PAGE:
• It is recommended that the child's caregiver/s are present during the decannulation procedure to alleviate the anxiety of the child.
      • Perform hand hygiene
      • Use a standard aseptic technique using non-touch technique
      • Position the patient. Infants and young children may lay on their back with a small rolled towel under the shoulders. An older child may prefer to sit up in a bed or chair.
      • Perform hand hygiene and apply non-sterile gloves
      • Remove fenestrated dressing from around stoma
      • Clean the stoma site and suction the tracheostomy tube immediately prior to decannulation
      • Cut/undo tracheostomy tube ties
      • Remove tracheostomy tube
      • Observe closely for any signs of respiratory distress including:
        • Tachypnoea
        • Stridor
        • Retraction
        • Tachycardia
        • Colour
        • Decreased perfusion
        • Oxygen desaturation or low oximetry reading
        • Restlessness or anxiety
        • Decreased cough effectiveness, swallow and voice quality
        • Activity levels
      • If no evidence of respiratory distress an occlusive dressing is applied to stoma site to ensure an airtight seal and reassess patient for any sign of respiratory distress.

      Following decannulation:

      Monitor the patient's vital signs - respiratory rate, heart rate, oxygen saturation, colour and work of breathing continuously throughout the procedure then observe and document:

      • 15 minutely for the first hour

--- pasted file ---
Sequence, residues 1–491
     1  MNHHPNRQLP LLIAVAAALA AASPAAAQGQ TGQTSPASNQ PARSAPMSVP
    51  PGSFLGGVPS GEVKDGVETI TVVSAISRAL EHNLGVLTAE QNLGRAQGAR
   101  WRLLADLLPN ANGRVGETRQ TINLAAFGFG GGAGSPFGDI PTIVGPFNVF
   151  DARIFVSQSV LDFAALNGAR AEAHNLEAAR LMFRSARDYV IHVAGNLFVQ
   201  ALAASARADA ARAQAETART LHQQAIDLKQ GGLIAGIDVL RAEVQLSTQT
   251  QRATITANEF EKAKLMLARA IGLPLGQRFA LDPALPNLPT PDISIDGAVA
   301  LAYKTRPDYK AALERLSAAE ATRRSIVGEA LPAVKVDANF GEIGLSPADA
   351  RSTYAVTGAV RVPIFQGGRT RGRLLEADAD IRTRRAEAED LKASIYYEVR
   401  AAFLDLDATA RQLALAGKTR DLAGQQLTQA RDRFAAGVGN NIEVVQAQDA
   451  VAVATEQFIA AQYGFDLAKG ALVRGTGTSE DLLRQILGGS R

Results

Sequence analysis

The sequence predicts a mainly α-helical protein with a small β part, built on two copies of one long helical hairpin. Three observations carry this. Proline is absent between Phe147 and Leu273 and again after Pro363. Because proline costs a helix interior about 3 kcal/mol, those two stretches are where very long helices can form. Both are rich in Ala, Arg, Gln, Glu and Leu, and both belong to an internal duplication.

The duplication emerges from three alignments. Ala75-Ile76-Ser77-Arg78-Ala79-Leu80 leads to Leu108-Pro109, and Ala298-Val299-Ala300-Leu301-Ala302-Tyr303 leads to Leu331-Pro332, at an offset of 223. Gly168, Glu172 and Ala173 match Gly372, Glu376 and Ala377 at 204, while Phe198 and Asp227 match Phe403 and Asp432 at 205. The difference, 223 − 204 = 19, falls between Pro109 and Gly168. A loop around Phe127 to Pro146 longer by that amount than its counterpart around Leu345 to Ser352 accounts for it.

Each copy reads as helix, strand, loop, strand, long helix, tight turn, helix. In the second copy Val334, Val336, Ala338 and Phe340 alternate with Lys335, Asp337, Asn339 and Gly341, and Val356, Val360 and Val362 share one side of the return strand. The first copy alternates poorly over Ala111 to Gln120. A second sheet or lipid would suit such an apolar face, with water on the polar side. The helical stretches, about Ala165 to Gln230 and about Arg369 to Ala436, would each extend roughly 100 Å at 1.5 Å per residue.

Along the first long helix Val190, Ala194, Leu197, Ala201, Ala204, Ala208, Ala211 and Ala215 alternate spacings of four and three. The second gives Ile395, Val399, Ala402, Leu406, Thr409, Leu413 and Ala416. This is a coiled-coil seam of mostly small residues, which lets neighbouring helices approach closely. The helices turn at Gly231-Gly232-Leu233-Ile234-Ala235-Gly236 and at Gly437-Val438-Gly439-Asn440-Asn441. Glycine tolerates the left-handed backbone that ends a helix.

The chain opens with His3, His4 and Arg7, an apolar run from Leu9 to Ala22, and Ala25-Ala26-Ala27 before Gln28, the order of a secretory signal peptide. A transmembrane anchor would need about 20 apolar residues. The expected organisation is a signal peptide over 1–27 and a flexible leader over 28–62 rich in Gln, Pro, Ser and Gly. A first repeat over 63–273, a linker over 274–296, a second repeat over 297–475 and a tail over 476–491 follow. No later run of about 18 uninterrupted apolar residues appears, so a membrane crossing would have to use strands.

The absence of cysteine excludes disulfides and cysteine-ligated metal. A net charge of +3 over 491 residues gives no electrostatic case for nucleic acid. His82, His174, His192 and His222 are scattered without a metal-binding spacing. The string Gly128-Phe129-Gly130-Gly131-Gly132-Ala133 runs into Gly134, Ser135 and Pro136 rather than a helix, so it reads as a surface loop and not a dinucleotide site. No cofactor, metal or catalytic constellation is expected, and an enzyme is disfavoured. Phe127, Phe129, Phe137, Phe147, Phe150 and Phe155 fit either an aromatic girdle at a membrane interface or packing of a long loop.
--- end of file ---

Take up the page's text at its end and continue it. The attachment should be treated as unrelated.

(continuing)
• Half hourly for the next 4 hours
      • Hourly for 24 hours
      • Continuous pulse oximetry (SpO2) during all periods of sleep (day and night) post decannulation for 24 hours.
      • Observe carefully for any signs of airway obstruction or increased respiratory effort during sleep  periods
      • Call a MET for assistance as per RCH emergency guidelines

      • Immediately report any episodes of:
        • Tachypnoea or bradypnoea
        • Tachycardia or bradycardia
        • SpO2desaturation
        • Increased WOB – mild, moderate or severe - as evidenced by: sternal or intercostal retraction, tracheal tug, nasal flaring, or stridor
        • Restlessness and or anxiety
        • Colour change and or cyanosis
        • Failure to clear secretions – gagging
      • Offer light diet 2 hours after decannulation (unless contraindicated)
      • Encourage the child to undertake their normal activities while on the ward.
      • Avoid suctioning the stoma unless otherwise indicated in an emergency situation as this may cause trauma.

      Note: The child is to remain on the ward for 24 hours post decannulation and should not leave the ward without medical approval and supervised by nursing staff competent in tracheostomy care.